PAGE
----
Our director Jenny’s attention to historical context has involved finding and identifying manuscripts of Rossi’s music and Rabbi Leone Modena’s poetry; reading an autobiography of the latter; and constant communication with Rossi expert Don Harran debating, among other matters, the significance of breaks in the music. In preparing other traditional Hebrew tunes for contrast, I have made my first attempt at arranging a full piece of music for the choir; I’ve had to get a grasp on the idea of maqam; and Jenny has lost much sleep listening to the wonderful library of music at piyut.org.il (and thus acquiring another 15 concerts of repertoire). We’ve unfortunately also dipped into controversies of Kol Isha, which will aid the Orthodox Jewish community in persisting to not hear Rossi’s works.

I do hope to see everyone and anyone at our concerts, entitled Songs of Ascents: Barefoot in Venice on the 28th and 29th of August, and the 2nd of September.

One down.

At the Sydney Jewish Choral Society, the tenors are the strongest in ability but the weakest in number. Our eclectic repertoire under Rose Grausman’s direction would be better served with a more proficient choir. The group has a habit of not learning the music until the last minute, leading to some stressful rehearsals. Hopefully we’ll do a good job of our next couple of concerts for the year, in which I’ll probably have a solo or two, and maybe next year I’ll consider asking the choir to sing some music I arrange… we’ll see.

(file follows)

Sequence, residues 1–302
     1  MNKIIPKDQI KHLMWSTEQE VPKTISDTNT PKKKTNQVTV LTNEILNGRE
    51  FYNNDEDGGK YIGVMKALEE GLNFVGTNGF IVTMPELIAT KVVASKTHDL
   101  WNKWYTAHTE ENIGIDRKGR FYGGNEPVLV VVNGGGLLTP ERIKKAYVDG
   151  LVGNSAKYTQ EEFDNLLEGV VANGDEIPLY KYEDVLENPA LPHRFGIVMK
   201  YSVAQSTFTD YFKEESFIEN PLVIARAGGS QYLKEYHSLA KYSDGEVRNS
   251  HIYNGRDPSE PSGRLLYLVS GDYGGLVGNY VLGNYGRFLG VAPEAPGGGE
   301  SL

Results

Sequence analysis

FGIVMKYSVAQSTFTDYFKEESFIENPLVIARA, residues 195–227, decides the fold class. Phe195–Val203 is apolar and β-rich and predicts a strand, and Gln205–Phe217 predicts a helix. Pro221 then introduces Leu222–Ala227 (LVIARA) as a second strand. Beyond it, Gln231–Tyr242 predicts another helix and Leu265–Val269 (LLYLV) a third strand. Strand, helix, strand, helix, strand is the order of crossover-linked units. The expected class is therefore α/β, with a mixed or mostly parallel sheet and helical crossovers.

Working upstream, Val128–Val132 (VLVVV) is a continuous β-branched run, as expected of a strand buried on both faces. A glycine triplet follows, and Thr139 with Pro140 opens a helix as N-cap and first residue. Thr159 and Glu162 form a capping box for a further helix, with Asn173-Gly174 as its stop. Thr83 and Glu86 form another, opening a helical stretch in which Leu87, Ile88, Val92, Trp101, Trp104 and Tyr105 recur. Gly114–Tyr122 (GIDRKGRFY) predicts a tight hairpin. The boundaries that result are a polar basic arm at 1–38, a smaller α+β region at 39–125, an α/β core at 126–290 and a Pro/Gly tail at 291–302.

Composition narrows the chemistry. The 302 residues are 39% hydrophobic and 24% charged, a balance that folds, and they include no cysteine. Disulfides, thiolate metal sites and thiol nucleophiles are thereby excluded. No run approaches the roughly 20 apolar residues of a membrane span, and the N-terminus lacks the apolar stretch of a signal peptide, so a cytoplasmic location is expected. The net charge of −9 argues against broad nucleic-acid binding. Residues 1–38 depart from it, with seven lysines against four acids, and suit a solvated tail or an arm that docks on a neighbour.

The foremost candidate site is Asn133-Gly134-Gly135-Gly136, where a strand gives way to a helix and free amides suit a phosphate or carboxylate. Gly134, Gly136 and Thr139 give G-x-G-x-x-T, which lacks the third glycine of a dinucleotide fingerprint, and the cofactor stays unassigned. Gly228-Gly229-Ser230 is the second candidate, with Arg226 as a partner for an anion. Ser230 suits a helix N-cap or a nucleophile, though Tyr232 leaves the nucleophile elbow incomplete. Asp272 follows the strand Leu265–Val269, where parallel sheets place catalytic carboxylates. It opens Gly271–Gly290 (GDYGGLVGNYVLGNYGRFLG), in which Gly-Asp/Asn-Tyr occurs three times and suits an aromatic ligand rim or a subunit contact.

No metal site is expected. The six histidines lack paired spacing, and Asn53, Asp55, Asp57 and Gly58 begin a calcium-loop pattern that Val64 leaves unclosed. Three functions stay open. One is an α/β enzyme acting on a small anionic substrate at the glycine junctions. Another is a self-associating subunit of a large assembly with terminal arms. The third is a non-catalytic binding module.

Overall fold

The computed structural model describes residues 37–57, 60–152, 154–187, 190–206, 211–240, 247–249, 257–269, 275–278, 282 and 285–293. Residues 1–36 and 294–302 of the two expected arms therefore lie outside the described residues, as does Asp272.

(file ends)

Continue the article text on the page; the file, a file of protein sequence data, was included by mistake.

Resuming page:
The Sydney University Madrigal Society lacks men in general. In fact, the first rehearsal this semester indicates that almost all it has is altos. So if you know someone at Sydney Uni who’d like to sing, send them along! The Madrigals have been a wonderful group in the past, and our last concert under Jehan Kanga was a treat, so his upcoming Italian Tenth-Anniversary Spectacular has much potential.

I’ve also found myself singing with the overflow High Holiday choir at South Head Synagogue, which is a different experience altogether (no sheet-music, but little improvisation); and I am occasionally singing contemporary a cappella tunes with my friends Dan, Mud and Saritha.

Unfortunately, more time spent on music means less time spent on writing blog posts (among other things). So once again excuse my lack of recent insights into Bible, Judaism, Hebrew, linguistics, technology, society, or whatever else I might otherwise have had a moment to ponder and prosify.

10 May, 2009

Finally, a zemirot wiki

Filed under: Chazanut,Music,Siddur,Technology by Joel @ 4:07 pm, 10 May 2009.

Of sorts. One project I no longer need to do because someone else has. I don’t know how long zemirotdatabase.org has been around, but I’ve long intended to create a site where people can share Jewish tunes with each other. And break down a monopoly of tunes from the Virtual Cantor, who is being over-used now that taped chazanut is no longer as popular.

Of course (in my way of doing things), my idea was somewhat more ambitious. Which is why it never got done. I’d like to see:

  • More annotation of the origin of lyrics and tunes
  • Links between tunes which are applied to different prayers

Essentially this means that the tune and the words are separated, and each of them could be annotated with Hebrew, transcription, translation, authorship/variant notes… and somewhere in the intersection people would upload recordings. Maybe I can ask Mendy and Gabe to work on it. Or mabye it was just too much to ever make a site out of and they’ve got it right.